Director: Victor Salva
You know what movies lack nowadays? Originality. The sleeper hit Jeepers Creepers gave cinema a good shot of originality back in the summer of 2001, and it wasn't a bad film at all.
Darry Jenner (Justin Long) and his sister Trish (Gina Philips) are driving through some back roads on their way home from college, discussing an urban legend. It just so happens that a young couple they knew died on the particular road, with Darry noting "they never found her head." Trish also happens to mention that she "always thought this would be the road [she]'d die on." Meanwhile, a huge truck, driven by who they assume is a redneck, starts hassling them, apparently trying to run them off the road. They finally swerve into a field, and the truck flies by. Finally getting back on the road, the siblings see the truck parked next to an abandoned church, and someone in a long trenchcoat and huge hat dumping something into a drainpipe. Something wrapped in a sheet covered in red stains. What could it be? Could it be a dead body? Could it be a sheet covered in red paint and cherry Kool-Aid? These meddling kids just have to find out. All they need is a talking dog and a dork in a neckerchief and they'd be the Scooby Gang.
They turn around and wait until they're alone, then Darry looks down into the drainpipe before accidentally falling in. Darn the luck. But you know he was gonna fall in. Why? If they'd kept on driving and pretended nothing happened, the movie would have been five minutes long. Anyway, it turns out that poor Darry has landed in a giant cave, and the walls are covered with dead bodies. Darry searches for an exit, and happens to discover the couple he was discussing with his sister: dead and sown together, with her head stiched back onto her neck. She really did lose her head. Darry finds a way out, as it turns out the cave is actually the basement of the old church, and all they're really concerned with is getting out of there. They call the police from a pay phone at a diner (since Darry's cell phone battery is dead), and they're told a unit is on the way. While they wait for the cops, the pay phone starts ringing. Darry picks it up, and on the other end is an old woman who tells them that the basement full of bodies is called "the House of Pain," and warns them about the truck and the song "Jeepers Creepers." If they hear that song, something bad will happen. Ooh, exposition fever. Catch it!
The cops arrive at the diner, and Darry tells them his insane story about seeing the House of Pain. Naturally, they don't believe him, and the cops agree to follow them out to the old church so Darry can prove it. The cops hear a report over their radio that the church is burning down, and in Darry and Trish's car, they land on the song "Jeepers Creepers" on the radio. Through the rear windshield behind them, we can see who we'll call The Creeper (played by Jonathan Breck) standing on the roof of the police car. And guess what? He's got a huge battle axe with him. Can you say "the cops are dead meat"? Sure, I knew that you could. Anyway, the kids eventually end up at the police station, where they call their parents and meet Jezelle (Patricia Belcher), who happens to be the nutty old lady that called them at the diner. She tells them all the necessary backstory about the Creeper. Backstory, you ask? Why yes. Every twenty-three years, for twenty-three days, the Creeper gets to eat. Eat what? Us.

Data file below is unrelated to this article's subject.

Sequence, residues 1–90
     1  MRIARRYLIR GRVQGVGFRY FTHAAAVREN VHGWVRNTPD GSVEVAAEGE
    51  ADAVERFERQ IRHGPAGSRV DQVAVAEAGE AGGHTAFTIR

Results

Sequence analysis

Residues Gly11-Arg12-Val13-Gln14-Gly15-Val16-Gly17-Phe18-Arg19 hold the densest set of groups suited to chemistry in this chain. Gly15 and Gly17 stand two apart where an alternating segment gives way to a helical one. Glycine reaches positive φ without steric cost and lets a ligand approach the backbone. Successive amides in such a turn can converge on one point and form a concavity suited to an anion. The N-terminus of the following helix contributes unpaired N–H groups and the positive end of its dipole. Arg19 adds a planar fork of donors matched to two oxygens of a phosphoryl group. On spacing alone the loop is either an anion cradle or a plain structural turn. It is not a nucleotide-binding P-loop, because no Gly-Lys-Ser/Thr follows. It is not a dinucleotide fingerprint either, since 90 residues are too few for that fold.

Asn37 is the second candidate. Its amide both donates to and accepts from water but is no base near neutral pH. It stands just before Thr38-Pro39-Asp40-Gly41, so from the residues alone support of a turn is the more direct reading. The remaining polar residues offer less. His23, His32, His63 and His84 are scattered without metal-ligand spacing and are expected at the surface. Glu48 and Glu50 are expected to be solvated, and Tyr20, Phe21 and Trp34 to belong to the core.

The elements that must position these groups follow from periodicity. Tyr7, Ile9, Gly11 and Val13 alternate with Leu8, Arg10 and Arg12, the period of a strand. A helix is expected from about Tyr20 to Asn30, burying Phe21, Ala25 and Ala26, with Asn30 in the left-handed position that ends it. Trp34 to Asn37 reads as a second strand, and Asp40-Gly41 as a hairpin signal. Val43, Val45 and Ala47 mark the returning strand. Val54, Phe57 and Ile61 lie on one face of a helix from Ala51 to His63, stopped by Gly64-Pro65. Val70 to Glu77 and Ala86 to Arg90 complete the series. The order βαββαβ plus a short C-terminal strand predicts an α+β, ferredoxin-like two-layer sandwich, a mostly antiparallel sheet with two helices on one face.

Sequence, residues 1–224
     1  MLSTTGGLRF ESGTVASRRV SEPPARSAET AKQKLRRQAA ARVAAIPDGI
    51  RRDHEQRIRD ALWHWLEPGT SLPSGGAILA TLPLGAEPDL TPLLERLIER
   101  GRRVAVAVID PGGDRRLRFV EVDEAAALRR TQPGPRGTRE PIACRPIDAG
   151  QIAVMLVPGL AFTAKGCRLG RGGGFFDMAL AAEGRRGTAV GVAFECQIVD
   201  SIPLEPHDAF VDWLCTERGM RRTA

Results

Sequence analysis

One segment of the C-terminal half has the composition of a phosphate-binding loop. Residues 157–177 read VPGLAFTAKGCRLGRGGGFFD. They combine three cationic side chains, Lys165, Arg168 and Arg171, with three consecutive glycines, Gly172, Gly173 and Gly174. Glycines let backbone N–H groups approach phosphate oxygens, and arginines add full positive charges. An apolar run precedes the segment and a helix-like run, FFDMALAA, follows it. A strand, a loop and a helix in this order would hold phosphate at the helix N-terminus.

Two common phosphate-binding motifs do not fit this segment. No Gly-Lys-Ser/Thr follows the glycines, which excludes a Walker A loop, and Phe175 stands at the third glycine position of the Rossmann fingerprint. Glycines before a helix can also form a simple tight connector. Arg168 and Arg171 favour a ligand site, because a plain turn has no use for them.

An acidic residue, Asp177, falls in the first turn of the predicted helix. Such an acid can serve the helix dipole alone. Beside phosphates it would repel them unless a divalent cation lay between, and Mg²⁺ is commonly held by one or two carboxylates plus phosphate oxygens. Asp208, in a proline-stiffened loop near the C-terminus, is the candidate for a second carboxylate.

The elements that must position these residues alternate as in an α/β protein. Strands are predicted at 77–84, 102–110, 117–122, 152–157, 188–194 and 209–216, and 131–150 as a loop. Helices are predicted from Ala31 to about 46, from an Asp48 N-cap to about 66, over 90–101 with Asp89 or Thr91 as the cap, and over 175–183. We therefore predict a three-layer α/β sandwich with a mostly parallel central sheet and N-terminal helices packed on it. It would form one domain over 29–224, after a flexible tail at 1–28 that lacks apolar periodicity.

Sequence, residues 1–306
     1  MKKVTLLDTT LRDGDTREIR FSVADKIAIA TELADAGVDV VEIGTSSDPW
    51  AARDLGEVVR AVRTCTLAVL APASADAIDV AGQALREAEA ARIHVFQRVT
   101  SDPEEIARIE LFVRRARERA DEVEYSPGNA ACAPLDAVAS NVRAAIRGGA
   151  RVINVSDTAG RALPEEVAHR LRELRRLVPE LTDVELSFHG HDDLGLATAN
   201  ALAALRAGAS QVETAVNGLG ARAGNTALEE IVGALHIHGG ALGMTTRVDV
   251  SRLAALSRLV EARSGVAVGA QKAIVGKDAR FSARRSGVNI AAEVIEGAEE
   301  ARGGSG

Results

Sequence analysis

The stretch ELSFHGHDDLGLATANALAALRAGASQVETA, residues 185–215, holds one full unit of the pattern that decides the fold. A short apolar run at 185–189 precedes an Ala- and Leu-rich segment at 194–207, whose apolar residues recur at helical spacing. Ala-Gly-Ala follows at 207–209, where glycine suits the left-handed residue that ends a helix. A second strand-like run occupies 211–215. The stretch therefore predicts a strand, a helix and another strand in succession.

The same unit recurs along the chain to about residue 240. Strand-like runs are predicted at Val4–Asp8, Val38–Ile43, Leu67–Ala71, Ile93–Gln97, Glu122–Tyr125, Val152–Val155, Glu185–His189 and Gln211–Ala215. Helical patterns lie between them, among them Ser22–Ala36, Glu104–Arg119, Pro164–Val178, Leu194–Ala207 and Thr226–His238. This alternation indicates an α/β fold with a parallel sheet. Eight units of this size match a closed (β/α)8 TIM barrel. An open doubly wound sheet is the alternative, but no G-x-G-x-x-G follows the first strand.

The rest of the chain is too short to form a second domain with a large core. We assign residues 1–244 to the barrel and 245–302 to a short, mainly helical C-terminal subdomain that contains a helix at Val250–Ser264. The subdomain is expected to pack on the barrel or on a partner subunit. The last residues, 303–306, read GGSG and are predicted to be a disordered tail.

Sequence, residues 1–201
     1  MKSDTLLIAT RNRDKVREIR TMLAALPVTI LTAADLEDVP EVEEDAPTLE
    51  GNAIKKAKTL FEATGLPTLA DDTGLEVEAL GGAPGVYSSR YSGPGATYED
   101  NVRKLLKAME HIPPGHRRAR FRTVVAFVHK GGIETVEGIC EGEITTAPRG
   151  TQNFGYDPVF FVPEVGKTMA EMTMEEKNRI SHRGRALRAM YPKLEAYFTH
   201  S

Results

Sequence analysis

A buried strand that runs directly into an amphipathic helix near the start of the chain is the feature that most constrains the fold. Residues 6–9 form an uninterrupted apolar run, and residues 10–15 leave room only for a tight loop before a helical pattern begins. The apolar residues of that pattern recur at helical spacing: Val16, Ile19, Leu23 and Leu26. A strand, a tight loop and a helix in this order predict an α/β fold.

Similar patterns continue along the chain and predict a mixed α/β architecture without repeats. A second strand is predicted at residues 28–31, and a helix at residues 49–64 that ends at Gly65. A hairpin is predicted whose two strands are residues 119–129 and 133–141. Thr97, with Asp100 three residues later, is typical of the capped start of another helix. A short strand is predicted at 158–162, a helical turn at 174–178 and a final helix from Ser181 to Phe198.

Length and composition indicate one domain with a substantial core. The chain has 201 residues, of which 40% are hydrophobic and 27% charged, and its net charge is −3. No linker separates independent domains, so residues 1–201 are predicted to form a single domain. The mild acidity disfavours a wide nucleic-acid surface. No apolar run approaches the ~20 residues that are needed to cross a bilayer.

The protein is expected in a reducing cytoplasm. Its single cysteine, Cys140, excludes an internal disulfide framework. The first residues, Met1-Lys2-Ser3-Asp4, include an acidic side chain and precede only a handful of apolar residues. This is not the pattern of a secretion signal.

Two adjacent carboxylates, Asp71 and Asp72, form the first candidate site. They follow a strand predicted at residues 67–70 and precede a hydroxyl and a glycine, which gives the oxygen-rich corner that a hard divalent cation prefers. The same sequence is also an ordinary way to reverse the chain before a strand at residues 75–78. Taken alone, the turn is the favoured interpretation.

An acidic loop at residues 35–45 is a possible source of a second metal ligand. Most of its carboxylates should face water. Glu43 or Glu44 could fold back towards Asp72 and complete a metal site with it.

You don't see to many movies about man-eating monsters anymore, especially man-eating monsters that wheel around in old beat-up trucks. So we can't say the movie's not original. However, much of the movie just doesn't seem all that good. Don't get me wrong, I like the movie. But after the opening, it seems dull. And don't get me started on the crazy psychic lady. Oh man, I hate hate HATE her. I wanted to see the Creeper just rip her head off and crap down her neck, and it NEVER HAPPENS. However, I will give the movie props for having some cool moments. The entire opening, up until the kids discover the House of Pain, is great (very reminiscent of films like Duel), and the tongue scene (you'll know what I mean when you see it) is wonderfully disgusting. And the ending shows a lot of bravery, because it's not the typical "let's wrap things up with a bow" Hollywood ending.
The acting is a mixed bag. I liked Gina Philips in her role, but Justin Long seemed inconsistant. He was good at times, annoying at times. But at least he wasn't as bad as Patricia Belcher. I never ever ever want to see her in a movie or on TV again. EVER. She makes me want to start throwing bricks every time I see her. Both her character and her acting ability are absolutely awful. Eileen Brennan, who you might recognize as Mrs. Peacock from the far underrated Clue movie, shines in her appearance as the eccentric Cat Lady. Even though she's only in one scene, she's still better than Patricia Belcher. The music, composed by Bennett Salvay, isn't bad at all. Creepy, foreboding, and almost a character in itself. Victor Salva made the wise decision to play up the music instead of sound effects in scenes like the opening car chase. Overall, I'll give the music a thumbs-up.
I'm gonna give Jeepers Creepers three stars. You wouldn't miss anything by not watching it, but there are some really awesome moments that deserve to be seen. It's worth a rental if you're looking for a way to kill an hour and a half. But three stars is what I'm giving it, and I'm sticking to that.
Final Rating: ***